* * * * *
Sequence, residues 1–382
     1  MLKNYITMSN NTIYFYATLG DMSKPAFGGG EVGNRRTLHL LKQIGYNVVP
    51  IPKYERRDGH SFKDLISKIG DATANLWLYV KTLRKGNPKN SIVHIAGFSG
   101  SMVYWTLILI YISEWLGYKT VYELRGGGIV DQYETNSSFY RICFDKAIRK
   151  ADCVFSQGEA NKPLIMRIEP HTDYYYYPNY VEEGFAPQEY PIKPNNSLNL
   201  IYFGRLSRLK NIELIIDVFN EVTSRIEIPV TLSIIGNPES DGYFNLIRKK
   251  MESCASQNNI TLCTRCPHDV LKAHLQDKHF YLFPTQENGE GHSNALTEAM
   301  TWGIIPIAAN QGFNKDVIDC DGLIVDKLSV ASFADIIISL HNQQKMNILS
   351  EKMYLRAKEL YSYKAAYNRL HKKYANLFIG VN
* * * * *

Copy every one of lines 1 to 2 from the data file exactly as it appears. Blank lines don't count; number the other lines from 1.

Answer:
Sequence, residues 1–382
     1  MLKNYITMSN NTIYFYATLG DMSKPAFGGG EVGNRRTLHL LKQIGYNVVP